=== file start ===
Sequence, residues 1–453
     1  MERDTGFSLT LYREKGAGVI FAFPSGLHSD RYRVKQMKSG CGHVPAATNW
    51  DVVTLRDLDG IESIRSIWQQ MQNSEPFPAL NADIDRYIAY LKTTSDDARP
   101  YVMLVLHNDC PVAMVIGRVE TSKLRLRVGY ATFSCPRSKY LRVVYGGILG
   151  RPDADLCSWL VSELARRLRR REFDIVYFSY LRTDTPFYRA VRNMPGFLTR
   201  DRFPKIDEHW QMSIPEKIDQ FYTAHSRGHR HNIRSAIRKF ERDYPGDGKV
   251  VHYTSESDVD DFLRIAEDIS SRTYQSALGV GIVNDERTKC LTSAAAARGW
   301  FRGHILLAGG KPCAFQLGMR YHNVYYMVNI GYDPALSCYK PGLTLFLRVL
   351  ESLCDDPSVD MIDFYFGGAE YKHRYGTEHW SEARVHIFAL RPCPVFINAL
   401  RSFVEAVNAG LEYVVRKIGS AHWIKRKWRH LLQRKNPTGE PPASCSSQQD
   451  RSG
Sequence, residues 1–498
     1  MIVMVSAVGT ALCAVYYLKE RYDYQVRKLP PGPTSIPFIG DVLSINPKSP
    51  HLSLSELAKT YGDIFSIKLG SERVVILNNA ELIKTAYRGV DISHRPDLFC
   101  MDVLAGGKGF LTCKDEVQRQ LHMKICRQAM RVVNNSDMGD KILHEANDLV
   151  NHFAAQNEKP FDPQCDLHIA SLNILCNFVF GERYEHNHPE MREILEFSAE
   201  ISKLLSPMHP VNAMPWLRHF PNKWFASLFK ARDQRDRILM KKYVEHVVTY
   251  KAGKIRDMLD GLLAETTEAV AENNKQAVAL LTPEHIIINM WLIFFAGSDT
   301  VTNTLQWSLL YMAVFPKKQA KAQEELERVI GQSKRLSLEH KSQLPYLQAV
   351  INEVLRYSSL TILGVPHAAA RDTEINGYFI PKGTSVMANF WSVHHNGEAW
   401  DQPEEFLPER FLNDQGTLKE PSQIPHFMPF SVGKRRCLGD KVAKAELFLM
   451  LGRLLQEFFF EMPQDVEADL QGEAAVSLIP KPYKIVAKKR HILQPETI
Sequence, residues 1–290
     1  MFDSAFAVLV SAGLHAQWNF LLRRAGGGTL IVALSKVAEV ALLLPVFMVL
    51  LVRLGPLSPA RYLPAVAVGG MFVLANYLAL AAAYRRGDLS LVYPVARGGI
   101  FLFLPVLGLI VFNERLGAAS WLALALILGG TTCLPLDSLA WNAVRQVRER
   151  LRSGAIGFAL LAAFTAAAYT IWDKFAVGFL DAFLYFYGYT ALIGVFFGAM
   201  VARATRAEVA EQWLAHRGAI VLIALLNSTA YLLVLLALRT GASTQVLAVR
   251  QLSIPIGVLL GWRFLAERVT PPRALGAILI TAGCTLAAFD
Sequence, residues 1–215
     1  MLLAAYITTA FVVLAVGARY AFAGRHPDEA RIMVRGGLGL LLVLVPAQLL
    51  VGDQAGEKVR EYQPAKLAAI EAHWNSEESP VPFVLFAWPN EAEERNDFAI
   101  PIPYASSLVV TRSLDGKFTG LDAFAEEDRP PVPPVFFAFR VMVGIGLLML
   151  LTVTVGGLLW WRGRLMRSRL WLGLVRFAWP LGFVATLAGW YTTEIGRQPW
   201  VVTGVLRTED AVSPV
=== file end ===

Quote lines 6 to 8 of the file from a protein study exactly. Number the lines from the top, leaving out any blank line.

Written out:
   201  DRFPKIDEHW QMSIPEKIDQ FYTAHSRGHR HNIRSAIRKF ERDYPGDGKV
   251  VHYTSESDVD DFLRIAEDIS SRTYQSALGV GIVNDERTKC LTSAAAARGW
   301  FRGHILLAGG KPCAFQLGMR YHNVYYMVNI GYDPALSCYK PGLTLFLRVL